Data are prevalence and 95% CIs for any remission (partial or complete). Estimates are based on sample with multiple imputation (n = 4503). In complete case analysis (year 1: n = 4327; year 2: n = 4191; year 3: n = 4168; year 4: n = 4098), prevalence estimates with raw cases/denominators were as follows: for intensive lifestyle intervention, year 1: 11.5% (95% CI, 10.1%-12.8%) (247/2157); year 2: 10.4% (95% CI, 9.1%-11.7%) (218/2090); year 3: 8.7% (95% CI, 7.5%-9.9%) (181/2083); and year 4: 7.3% (95% CI, 6.2%-9.4%) (150/2056); for diabetes support and education, year 1: 2.0% (95% CI, 1.4%-2.6%) (43/2170); year 2: 2.3% (95% CI, 1.6%-2.9%) (48/2101); year 3: 2.2% (95% CI, 1.6%-2.8%) (46/2085); and year 4: 2.0% (95% CI, 1.5%-2.7%) (41/2042).
Data are estimates and 95% CIs based on sample with multiple imputation (n = 4503). Estimates from complete case analysis of persons with no missing data element at any single year (n = 3713) were as follows: for intensive lifestyle intervention, year 1: 14.6% (95% CI, 13.0%-16.2%) (271/1852); year 2: 8.2% (95% CI, 6.8%-9.2%) (148/1852); year 3: 5.8% (95% CI, 4.7%-6.8%) (107/1852); and year 4: 3.4% (95% CI, 2.6%-4.2%) (63/1852); for diabetes support and education, year 1: 4.3% (95% CI, 3.4%-5.2%) (80/1861); year 2: 1.6% (95% CI, 1.0%-2.1%) (29/1861); year 3: 1.2% (95% CI, 0.7%-1.7%) (22/1861); and year 4: 0.4% (95% CI, 0.1%-0.7%) (8/1861).
Gregg EW, Chen H, Wagenknecht LE, et al; Look AHEAD Research Group. Association of an intensive lifestyle intervention with remission of type 2 diabetes. JAMA. doi:10.1001/jama.2012.67929
eAppendix. Look AHEAD Research Group at Year 4
eTable 1. Baseline Characteristics of Study Sample According to Inclusion Status
eTable 2. Odds Ratios and Probability of Any Remission in Years 2 Through 4 Associated With Key Demographic and Health Status Predictors for the Overall Sample and by Intervention Group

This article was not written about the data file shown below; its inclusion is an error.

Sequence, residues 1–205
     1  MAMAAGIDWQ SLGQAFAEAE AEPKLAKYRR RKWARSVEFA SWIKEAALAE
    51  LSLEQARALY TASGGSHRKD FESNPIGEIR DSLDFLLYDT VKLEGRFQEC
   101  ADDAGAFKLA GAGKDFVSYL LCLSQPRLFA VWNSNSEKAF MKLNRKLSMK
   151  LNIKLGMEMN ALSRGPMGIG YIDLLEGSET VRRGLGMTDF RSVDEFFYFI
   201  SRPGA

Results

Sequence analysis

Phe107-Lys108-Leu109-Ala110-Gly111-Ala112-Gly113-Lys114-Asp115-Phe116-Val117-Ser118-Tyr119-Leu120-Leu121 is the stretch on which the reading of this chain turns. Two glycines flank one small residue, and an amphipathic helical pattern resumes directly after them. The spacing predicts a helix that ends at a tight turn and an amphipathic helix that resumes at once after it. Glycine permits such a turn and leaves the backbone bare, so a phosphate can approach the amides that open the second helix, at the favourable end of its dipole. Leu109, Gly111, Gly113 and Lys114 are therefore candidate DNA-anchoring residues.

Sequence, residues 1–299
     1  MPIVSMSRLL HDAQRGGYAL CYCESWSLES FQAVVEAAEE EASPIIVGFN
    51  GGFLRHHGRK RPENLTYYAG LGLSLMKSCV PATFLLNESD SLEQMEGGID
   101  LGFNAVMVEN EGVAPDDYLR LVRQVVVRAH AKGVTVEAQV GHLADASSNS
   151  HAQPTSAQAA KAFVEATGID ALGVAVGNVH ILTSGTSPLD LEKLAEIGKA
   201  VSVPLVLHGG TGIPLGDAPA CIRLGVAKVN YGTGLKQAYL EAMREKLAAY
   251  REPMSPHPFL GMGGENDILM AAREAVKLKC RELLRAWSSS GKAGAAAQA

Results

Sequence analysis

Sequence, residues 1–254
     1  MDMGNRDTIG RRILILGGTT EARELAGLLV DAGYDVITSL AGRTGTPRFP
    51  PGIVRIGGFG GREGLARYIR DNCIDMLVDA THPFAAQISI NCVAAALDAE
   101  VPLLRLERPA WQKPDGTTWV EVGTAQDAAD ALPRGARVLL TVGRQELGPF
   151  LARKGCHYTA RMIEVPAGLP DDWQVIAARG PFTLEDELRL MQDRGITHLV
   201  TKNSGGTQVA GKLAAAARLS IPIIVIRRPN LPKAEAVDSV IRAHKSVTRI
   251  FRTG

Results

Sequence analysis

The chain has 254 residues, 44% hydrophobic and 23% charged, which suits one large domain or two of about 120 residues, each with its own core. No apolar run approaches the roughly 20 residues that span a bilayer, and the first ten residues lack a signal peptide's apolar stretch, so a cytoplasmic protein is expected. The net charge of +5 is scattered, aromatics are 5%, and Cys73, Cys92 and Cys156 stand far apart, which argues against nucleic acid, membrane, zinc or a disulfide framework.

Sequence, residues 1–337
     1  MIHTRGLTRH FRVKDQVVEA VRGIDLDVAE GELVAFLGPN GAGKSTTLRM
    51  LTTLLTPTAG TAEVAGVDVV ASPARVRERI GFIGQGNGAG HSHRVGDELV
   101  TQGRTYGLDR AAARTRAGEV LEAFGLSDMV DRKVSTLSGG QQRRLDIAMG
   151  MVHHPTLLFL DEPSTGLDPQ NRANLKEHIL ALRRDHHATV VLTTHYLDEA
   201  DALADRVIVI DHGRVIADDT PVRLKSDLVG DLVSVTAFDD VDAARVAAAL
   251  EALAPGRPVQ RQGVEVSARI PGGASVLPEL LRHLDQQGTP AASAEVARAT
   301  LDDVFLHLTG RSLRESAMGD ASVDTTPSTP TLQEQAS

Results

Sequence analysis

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Gregg EW, Chen H, Wagenknecht LE, et al. Association of an Intensive Lifestyle Intervention With Remission of Type 2 Diabetes. JAMA. 2012;308(23):2489–2496. doi:10.1001/jama.2012.67929
Author Affiliations: Centers for Disease Control and Prevention, Atlanta, Georgia (Dr Gregg); Wake Forest School of Medicine, Winston-Salem, North Carolina (Drs Chen, Wagenknecht, and Bertoni); The Johns Hopkins Medical Institutions, Baltimore, Maryland (Dr Clark); Massachusetts General Hospital, Boston (Ms Delahanty); University of Minnesota, Minneapolis (Dr Bantle); Baylor College of Medicine, Houston, Texas (Dr Pownall); University of Tennessee Health Science Center, Memphis (Drs Johnson and Kitabchi); University of Alabama at Birmingham (Dr Safford); St Luke’s–Roosevelt Hospital/Columbia University, New York, New York (Dr Pi-Sunyer); and Miriam Hospital/Brown Medical School, Providence, Rhode Island (Dr Wing).
Context The frequency of remission of type 2 diabetes achievable with lifestyle intervention is unclear.
Objective To examine the association of a long-term intensive weight-loss intervention with the frequency of remission from type 2 diabetes to prediabetes or normoglycemia.
Design, Setting, and Participants Ancillary observational analysis of a 4-year randomized controlled trial (baseline visit, August 2001–April 2004; last follow-up, April 2008) comparing an intensive lifestyle intervention (ILI) with a diabetes support and education control condition (DSE) among 4503 US adults with body mass index of 25 or higher and type 2 diabetes.
Interventions Participants were randomly assigned to receive the ILI, which included weekly group and individual counseling in the first 6 months followed by 3 sessions per month for the second 6 months and twice-monthly contact and regular refresher group series and campaigns in years 2 to 4 (n=2241) or the DSE, which was an offer of 3 group sessions per year on diet, physical activity, and social support (n=2262).
Main Outcome Measures Partial or complete remission of diabetes, defined as transition from meeting diabetes criteria to a prediabetes or nondiabetic level of glycemia (fasting plasma glucose <126 mg/dL and hemoglobin A1c <6.5% with no antihyperglycemic medication).